Tata et al. “Bio-inspired sensor skins for structural health monitoring”, Smart Mater. Struct., 18:10 (2009).
Mohammad et al. “Monitoring fatigue crack growth and opening using antenna sensors”, Smart Mater. Struct., 19:1-8 (2009).
Deshmukh et al. “Antenna sensor skin for fatigue crack detection and monitoring”, Smart Struct. Systs., 8(1):93-105 (2011).
Primary Examiner:
Henson, Mischita
Attorney, Agent or Firm:
Parks IP Law LLC
Medlin, Esq. Jennifer P.
Parent Case Data:

CROSS-REFERENCE TO RELATED APPLICATIONS

This application is a continuation-in-part of U.S. patent application Ser. No. 12/867,801 (entitled Passive Wireless Antenna Sensor for Strain, Temperature, Crack and Fatigue Measurement), filed 16 Aug. 2010, the entirety of which is incorporated by reference. This application also incorporates by reference the entirety of U.S. Provisional Patent Application No. 61/226,347 (System, Method, and Apparatus for Passive Wireless Structural Health Monitoring), filed 17 Jul. 2009.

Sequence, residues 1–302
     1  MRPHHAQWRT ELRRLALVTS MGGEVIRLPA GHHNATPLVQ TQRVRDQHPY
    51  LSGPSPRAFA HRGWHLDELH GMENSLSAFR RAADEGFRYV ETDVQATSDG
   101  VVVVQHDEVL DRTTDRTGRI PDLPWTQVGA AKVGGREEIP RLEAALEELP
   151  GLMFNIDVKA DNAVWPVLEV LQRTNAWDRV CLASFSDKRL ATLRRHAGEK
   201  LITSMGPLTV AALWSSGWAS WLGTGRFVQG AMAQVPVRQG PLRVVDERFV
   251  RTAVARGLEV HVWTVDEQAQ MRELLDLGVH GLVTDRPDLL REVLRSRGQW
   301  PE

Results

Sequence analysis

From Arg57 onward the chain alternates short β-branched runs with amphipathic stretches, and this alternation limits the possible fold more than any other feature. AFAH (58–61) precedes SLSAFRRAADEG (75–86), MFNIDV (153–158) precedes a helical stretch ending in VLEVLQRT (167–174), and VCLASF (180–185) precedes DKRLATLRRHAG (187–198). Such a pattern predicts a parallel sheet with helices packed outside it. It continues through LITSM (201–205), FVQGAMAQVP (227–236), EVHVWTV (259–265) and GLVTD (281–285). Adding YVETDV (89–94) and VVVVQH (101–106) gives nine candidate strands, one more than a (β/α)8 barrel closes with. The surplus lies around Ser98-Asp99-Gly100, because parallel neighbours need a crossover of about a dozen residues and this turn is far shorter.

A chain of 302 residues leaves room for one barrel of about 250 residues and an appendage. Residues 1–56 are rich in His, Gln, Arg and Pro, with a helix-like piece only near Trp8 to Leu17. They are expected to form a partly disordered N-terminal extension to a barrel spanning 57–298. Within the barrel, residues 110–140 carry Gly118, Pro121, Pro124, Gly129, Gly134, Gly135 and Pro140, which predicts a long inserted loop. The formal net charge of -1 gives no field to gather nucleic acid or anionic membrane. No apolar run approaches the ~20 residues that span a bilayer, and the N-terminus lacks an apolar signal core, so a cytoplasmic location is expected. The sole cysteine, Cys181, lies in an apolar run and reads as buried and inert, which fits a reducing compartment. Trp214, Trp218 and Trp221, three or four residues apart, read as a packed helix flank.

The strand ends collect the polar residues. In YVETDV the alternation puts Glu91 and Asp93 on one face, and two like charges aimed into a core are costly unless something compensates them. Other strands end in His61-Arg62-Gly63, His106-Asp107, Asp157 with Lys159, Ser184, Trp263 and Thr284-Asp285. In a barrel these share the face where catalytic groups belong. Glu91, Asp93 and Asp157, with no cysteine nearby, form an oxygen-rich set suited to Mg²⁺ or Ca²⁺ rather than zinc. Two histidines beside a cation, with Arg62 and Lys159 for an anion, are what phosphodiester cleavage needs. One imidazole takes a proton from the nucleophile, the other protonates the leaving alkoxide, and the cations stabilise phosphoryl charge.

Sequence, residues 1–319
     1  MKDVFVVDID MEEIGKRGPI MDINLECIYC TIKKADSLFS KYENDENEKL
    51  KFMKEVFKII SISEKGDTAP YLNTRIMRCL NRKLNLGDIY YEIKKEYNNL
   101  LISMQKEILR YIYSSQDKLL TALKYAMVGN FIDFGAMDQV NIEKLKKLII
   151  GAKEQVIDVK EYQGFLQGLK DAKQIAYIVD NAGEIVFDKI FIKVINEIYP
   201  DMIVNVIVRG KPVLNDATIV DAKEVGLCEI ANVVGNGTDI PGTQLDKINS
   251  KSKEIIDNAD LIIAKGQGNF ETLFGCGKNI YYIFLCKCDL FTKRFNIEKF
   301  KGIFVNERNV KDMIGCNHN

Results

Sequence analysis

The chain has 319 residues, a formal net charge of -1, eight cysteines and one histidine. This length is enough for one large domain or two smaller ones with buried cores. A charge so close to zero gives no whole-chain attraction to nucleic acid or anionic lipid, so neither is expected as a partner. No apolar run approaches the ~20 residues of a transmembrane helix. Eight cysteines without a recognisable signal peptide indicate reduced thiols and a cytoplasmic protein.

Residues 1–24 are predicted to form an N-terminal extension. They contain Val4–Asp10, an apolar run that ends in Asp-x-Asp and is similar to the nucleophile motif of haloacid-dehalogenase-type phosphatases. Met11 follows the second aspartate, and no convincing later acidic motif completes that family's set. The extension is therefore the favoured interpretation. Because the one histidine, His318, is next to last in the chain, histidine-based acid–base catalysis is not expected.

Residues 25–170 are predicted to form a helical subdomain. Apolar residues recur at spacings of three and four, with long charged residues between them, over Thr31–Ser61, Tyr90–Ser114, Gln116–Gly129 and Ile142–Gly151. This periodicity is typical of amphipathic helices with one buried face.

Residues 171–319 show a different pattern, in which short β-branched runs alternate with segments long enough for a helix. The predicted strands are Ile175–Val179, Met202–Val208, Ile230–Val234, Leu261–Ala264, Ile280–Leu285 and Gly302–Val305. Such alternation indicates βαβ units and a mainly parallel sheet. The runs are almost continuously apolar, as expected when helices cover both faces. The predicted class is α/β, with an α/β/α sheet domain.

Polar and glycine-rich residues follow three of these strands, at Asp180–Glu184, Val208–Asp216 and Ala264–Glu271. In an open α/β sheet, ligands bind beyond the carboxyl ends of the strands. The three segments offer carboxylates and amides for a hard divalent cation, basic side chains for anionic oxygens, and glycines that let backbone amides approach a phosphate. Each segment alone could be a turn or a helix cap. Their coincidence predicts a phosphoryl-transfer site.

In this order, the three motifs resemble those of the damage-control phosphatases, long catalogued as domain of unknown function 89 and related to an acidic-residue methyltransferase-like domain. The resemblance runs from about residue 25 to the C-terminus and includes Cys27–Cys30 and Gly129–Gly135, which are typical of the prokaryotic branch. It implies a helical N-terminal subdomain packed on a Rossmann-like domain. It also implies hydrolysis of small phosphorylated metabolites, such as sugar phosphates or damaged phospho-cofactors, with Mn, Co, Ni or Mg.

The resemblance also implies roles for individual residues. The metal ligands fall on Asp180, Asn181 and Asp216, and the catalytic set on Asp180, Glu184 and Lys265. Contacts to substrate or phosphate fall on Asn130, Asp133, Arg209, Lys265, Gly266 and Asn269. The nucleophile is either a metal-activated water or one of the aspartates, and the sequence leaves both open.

Claims:
We claim:

1. A monitoring apparatus for determining a condition of a structure using a passive wireless antenna (PWA), comprising: a remote interrogation system that is configured to remotely interrogate a passive wireless antenna (PWA) that is mounted on the structure, the remote interrogation system comprising: a pulse generator that is configured to remotely activate a switching circuit associated with the PWA; a transceiver that is configured to: transmit to the PWA a series of radio frequency (RF) signals with sweeping frequencies around a known resonant frequency of the PWA; receive a first state response signal reflected by the PWA in a first state prior to activating the switching circuit; and receive a second state response signal reflected by the PWA in a second state after the switching circuit has been activated; and a signal analyzer that is configured to determine a measured resonant frequency of the PWA based at least in part on a normalized antenna mode component obtained using a mathematical difference between the first state response signal and the second state response signal, wherein a difference between the measured resonant frequency of the PWA and the known resonant frequency of the PWA is indicative of the condition of the structure.